Weekly Roundup For Your Weekend Reading – March 17


The Shack – The Missing Art Of Evangelical Discernment

Albert Mohler provides a compelling critique of the popular book recently made into a movie. His analysis unearth’s the shoddiness of “The Shack” as a source for anything that is Orthodox, Biblical or Christian. And, it challenges us to sharpen our hearts and minds with Biblical truth so as to be a discerning people.

“The answer is not to ban The Shack or yank it out of the hands of readers. We need not fear books — we must be ready to answer them. We desperately need a theological recovery that can only come from practicing biblical discernment. This will require us to identify the doctrinal dangers of The Shack, to be sure. But our real task is to reacquaint evangelicals with the Bible’s teachings on these very questions and to foster a doctrinal rearmament of Christian believers….”


Making Real Friendships In The Church

Genuine friendship within the body is vital to our joy in Christ and witness to the world. This is a good and hopeful reminder! How might we strive for this?

“Church friendships can, unfortunately, become as segregated as high school clicks. If we are not extremely careful to emphasize community, spiritual gifts, and the truth that we are a very real family, we can miss the beautiful dimensions of Christ’s church. And the dimensions are staggeringly beautiful. I am a thirty-something that attends a 170-year-old church. We are a church full of Millenials, baby-boomers, intellectuals and free spirits. We have men and women that still love the feel of a hymnal in their hands, while others would rather reach their palms to the sky and sway to modern music. We have an organ and a drum. We are the most unlikely group of individuals to be friends – real friends – and yet, it is what we are called to strive for…”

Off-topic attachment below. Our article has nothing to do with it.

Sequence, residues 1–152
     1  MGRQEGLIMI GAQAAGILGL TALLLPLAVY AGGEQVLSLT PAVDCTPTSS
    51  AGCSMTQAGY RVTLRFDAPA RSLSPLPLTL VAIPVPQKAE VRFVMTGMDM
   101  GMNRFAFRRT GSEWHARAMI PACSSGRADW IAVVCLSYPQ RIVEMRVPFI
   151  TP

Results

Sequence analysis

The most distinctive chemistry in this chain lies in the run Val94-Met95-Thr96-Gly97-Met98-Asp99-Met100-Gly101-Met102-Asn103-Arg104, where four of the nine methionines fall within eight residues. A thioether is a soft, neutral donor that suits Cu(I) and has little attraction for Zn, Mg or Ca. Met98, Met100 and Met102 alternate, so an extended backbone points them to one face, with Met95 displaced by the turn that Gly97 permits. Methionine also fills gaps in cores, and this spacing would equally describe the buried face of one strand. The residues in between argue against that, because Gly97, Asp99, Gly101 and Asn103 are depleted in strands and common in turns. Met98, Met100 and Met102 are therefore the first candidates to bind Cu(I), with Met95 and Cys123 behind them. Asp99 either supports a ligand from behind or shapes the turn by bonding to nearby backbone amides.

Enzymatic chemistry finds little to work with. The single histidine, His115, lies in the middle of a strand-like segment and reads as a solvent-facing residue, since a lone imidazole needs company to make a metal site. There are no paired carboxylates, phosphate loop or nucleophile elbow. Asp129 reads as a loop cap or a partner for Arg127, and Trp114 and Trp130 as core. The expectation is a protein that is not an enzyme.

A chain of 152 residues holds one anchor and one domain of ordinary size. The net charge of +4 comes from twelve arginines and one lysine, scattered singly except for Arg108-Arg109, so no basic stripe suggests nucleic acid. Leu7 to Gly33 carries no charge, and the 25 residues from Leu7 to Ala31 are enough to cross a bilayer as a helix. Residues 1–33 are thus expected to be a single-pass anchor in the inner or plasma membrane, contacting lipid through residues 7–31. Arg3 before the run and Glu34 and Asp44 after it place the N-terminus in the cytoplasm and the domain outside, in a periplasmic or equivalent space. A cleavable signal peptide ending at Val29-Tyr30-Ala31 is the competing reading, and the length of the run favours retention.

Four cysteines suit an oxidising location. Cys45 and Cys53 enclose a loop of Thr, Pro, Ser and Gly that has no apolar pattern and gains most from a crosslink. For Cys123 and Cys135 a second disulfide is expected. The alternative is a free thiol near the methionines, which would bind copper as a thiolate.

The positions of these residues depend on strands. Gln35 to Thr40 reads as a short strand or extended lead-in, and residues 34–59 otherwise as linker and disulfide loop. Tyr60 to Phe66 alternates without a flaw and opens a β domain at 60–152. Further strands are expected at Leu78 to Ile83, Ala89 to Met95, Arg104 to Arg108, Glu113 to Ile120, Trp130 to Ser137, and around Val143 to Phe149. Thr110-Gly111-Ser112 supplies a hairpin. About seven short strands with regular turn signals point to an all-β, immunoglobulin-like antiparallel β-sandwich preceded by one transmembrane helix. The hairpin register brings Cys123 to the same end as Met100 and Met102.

The Insanity Of Leaning On Our Own Understanding

This is a good reflection on Proverbs 3:5-6. A passage we would all do well to memorize, meditate upon and call to mind when temptation approaches and flesh rises up.

“It is insane to trust such pitifully limited understanding when one can trust the unlimited understanding of God. So many of the things that cause us the most difficulty and heartache in life, the source of so much of our anxiety, fear, doubt, and anger with others and with God, is the result of leaning on our own understanding…”


Why Do The Footnotes In My Bible Say, “Some Manuscripts Say…?”

This is a short (5 minute) video answering the question in the title. It is important for us to know this about our Bible’s and the history and tradition of Bible translation. Skeptics will often point to textual variants to prove that there is error in the Bible and therefore the Bible can’t be trusted. We need to be equipped to answer that charge.


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